Paul Deans Exhibition

46B Weston Road
Christchurch 8005
New Zealand
Phone: 64 3-3559-559
Mobile: 64 025 228 4563
For my painting and sculpture I search for inspiration both from what I see about me and from the world of my imagination - however, once that revelation is uncovered I then feel obliged to follow it through to completion. With sculpture I may find that the piece of wood itself suggests an image, which I pursue until I’m satisfied that I have it secured. Alternatively I may see a vision in my mind and then have to rummage for the right piece of wood to make it work. Either way the images form in my nonverbal unconscious and I endeavour to breathe life into them to make each piece a ‘living work of art.’ Similarly with painting, I draw inspiration both from without and within - one as exciting a source as the other! When tapping my inner source I generally find that the ‘image’ arrives first and as I work my way through, then the significance or meaning behind it will become progressively more apparent. My catchphrase (which also came from within) is a challenge to all artists, whatever their medium: - The world is waiting to see your joy, not to have their pain reflected back at them.

Moonlight Sonata, wood

Debonair, wood

Debonair (back), wood
Eye of the Beholder, stone


In his book, The Soul of a Tree, George Nakashima writes, Trees have a yearning to live again, perhaps to provide the beauty, strength and utility to serve man, even to become an object of great artistic worth.
In my Woodsculpture I deliberately work to fulfil that very yearning. For each piece of wood, in order to let it live again and tell its story, I access my internal, unspoken subconscious and let it show me which image to extract.
This is a very personal, intuitive and satisfying process. I describe my sculpture as a gentle collaboration between the piece of wood, my self, my intuition and my friend the universe.

In the past Sculpture often re-presented a story from myth or history. If we take the idea that trees yearn to live again, then each piece of wood has a tale to tell. It just hasn't been put into words yet. The viewers are invited to find a personal story in each sculpture - my hope is that it will be about your own internal, unspoken, primordial peace and joy.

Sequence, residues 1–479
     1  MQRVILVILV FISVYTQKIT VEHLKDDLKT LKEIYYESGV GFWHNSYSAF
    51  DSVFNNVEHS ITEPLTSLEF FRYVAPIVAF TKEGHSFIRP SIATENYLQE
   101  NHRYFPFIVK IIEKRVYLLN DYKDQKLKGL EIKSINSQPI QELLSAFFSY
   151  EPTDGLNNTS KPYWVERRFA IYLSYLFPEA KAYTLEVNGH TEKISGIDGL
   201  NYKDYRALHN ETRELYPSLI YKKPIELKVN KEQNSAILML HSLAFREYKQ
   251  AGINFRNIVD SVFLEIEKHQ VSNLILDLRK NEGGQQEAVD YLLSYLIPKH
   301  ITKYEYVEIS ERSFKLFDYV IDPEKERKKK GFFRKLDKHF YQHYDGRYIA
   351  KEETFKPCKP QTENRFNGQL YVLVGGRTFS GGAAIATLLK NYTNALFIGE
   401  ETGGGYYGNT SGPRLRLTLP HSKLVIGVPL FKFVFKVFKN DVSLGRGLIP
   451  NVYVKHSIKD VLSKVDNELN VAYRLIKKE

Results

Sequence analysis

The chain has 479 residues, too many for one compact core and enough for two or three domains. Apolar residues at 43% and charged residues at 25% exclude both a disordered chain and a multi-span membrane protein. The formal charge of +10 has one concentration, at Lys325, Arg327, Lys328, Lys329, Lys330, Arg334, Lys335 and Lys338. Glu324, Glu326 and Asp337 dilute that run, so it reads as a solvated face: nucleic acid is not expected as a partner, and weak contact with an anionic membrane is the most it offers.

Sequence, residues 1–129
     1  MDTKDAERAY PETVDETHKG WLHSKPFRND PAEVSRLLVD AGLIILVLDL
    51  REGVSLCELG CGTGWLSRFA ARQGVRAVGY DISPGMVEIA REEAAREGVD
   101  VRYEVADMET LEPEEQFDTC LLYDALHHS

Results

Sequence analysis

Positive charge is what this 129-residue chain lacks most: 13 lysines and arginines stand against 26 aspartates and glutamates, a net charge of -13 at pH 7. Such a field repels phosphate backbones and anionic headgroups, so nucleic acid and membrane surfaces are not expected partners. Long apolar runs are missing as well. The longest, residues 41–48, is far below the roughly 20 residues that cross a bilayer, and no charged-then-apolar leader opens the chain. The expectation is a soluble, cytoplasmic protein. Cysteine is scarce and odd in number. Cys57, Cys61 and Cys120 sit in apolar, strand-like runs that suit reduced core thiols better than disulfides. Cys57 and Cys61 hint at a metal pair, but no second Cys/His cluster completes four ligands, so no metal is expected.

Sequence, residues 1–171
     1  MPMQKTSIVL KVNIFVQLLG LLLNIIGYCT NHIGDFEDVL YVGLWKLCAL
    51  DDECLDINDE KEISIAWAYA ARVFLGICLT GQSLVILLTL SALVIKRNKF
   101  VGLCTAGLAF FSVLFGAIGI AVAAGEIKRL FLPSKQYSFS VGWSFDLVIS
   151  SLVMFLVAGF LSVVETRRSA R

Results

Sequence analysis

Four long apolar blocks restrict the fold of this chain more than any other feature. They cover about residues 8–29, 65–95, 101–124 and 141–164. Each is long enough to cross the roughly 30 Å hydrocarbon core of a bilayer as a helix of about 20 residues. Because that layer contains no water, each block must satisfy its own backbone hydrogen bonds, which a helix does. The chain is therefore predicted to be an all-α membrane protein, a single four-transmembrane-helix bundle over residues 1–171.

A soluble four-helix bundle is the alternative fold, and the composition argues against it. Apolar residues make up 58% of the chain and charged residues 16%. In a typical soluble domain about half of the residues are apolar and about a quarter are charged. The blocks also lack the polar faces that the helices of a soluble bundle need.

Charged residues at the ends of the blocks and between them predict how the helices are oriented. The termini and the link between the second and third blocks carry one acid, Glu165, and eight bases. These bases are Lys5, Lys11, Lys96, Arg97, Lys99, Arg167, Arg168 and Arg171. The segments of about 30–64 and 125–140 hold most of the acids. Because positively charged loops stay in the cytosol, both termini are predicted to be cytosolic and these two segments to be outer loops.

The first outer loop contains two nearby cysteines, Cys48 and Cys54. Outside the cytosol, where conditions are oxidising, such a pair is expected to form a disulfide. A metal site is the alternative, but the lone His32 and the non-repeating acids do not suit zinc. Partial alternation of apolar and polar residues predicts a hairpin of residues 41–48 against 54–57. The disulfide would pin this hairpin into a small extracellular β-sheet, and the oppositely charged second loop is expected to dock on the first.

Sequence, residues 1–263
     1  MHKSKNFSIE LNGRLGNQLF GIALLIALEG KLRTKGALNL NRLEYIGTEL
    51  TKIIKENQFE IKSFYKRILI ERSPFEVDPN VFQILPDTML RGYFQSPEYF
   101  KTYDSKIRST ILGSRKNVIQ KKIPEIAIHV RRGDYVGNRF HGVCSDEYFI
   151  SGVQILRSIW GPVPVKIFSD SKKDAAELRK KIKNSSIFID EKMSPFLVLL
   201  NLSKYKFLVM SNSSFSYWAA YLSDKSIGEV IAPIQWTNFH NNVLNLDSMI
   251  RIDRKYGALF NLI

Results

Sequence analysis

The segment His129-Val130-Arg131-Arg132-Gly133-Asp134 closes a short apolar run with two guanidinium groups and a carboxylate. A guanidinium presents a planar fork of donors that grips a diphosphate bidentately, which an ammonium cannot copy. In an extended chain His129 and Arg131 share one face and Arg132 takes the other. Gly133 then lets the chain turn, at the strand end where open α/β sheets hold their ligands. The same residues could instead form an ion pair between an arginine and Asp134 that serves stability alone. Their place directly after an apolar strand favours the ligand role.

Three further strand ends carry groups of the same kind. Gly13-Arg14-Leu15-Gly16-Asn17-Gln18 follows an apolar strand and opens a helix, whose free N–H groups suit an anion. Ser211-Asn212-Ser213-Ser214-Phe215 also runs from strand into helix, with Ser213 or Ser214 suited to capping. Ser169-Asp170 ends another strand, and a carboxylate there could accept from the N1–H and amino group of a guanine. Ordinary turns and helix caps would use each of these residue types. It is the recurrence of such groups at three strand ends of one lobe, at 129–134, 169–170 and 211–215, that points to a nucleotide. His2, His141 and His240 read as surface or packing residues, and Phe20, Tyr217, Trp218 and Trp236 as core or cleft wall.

Paul Deans

Totara Recall, wood

Victory Dance, wood

Victory Dance, wood
The Arthouse 6-25 August 2002

Paul Deans considers his approach to sculpting in wood to be a collaborative process between himself, the materials and his intuition. In Narratives Deans has used the human form as a means of investing new energy and life in timber, and to create objects of great beauty.

Deans has used a variety of different types of wood in these eight sculptures, and consequently, each piece is unique in its style and character. The degree to which the natural qualities of the material have been utilized also varies greatly. In Moonlight Sonata I and Moonlight Sonata II, two portrait busts in macrocarpa and cherry respectively, the knots and grain have been exploited to express musculature and physical features. By contrast, in Debonair the form is so perfectly modelled by the pattern of grain that is appears as though the positioning and shape of the sculpture has been dictated by the natural features of the wood.

Deans’ sculptures also vary in the degree of naturalism in their execution.
In Icon the pale, silky finish and less prominent grain of linden lime are used to approximate human flesh. Deans has playfully left the bark of the wood to create a cloak draped around the figure’s shoulders. In Totara Recall the past-life of the timber exists in perfect synthesis with its renewed existence as a finely rendered male torso of classical proportions. Once a tar-covered beam from an aqueduct, the front has been left as it was found, complete with rusty nails, while the back has been carved and finished to perfection.

Victory Dance of the Peacemaker is the most abstract of the works in this show, but clearly embodies the artist’s intention to unleash the potential within each piece of wood to tell its own tale. A stylised figure dances across the plinth with arms flung aloft. Its solid, blocky form is offset by sharp angles, which exaggerates the movement and energy of the figure. This effect of capturing the dynamism of the human body in motion is reminiscent of the Italian Futurist sculptor, Umberto Boccioni’s Unique Forms of Continuity in Space (1913).
However, while Boccioni derived his inspiration from the power of new technologies and the might of Europe literally striding into the future, Deans’ figure evokes celebration and joy. Inspired by the events surrounding September 11th, the energy encapsulated in Victory Dance of the Peacemaker conjures up an essential statement of humanity and a call for peace and goodwill.

Christine Whybrew, August 2002